The British flag -- known as the Union Flag or Union Jack -- is comprised of three national flags built up in layers of red, white and blue. It is made up of the crosses of saints George, Andrew and Patrick -- patron saints of England, Scotland and Ireland, respectively. Making one is an economical way of celebrating special national occasions.
Cut the flag fabrics
Begin with a rectangle of royal blue material twice as wide as it is deep. Stretch a piece of white cloth from one corner to the opposing corner. Repeat the process for the other two corners. The width of the white strips should be one-fifth the width of the blue material.
Sew the strips into place. This is now the Cross of St Andrew, the Scottish flag.
Begin to add Ireland's Cross of St Patrick. This is done by cutting four pieces of bright red material to be one-fifteenth the width of the flag. Cut each piece at 45 degrees at one end. Length does not matter at this stage but ensure each piece is long enough to reach from a corner to the centre.
Draw very faint diagonals from corner to corner on the flag. The four lengths of red material will lie along these lines. For now, put them to one side.
Add England's Cross of St George. This is cut from the same red material as the Cross of St Patrick. It is one-fifth of the flag's width. Along all its edges there will be a white border -- called a fimbriation -- which is one-fifteenth of the flag's width.
Sew the flag
Calculate the width of the red strips plus the fimbriation (1/5 + 1/15 + 1/15). Using the same white material as used previously, cut two lengths to this width. One length should match the width of the flag and the other the depth.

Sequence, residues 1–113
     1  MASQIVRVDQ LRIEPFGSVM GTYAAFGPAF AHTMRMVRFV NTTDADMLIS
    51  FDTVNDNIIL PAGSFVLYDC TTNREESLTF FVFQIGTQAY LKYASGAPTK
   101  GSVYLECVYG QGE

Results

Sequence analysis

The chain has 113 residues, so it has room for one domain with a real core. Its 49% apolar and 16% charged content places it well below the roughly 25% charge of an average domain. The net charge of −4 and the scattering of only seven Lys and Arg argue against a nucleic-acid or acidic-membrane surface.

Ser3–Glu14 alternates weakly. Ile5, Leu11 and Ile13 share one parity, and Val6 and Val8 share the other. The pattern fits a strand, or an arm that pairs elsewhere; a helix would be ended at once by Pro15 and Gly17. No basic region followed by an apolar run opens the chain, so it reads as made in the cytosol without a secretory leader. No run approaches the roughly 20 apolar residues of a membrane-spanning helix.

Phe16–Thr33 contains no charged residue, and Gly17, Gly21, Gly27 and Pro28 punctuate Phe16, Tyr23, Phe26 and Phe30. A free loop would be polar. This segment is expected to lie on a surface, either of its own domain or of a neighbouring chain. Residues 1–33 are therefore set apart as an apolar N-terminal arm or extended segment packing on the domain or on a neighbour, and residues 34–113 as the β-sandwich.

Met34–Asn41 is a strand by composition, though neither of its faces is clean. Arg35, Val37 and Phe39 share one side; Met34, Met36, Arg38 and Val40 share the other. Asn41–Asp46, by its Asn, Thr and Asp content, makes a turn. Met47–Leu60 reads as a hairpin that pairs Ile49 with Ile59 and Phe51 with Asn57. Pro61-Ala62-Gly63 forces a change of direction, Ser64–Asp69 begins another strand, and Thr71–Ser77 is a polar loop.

Measure to the centre of the flag's width and position the shorter white strip so that its centre aligns with the flag centre. Stretch the piece to the opposing side, ensuring it is at 90 degrees to the flag edge. Sew into place.
Repeat the process on the short edges of the flag.
Position the two red strips for the Cross of St George exactly in the centre of these white strips, so that there is an even area of white on all sides. Sew them into place.
Return to the four narrow red lengths. Place them along the faint diagonal lines with the 45 degree edges abutting the fimbriation. Starting from the top left corner, place a length so that it is below the pencil line; top right, above the line; bottom right, above the line; and bottom left, below the line.
Sew them into place and cut off whatever excess material is hanging over the edge of the flag.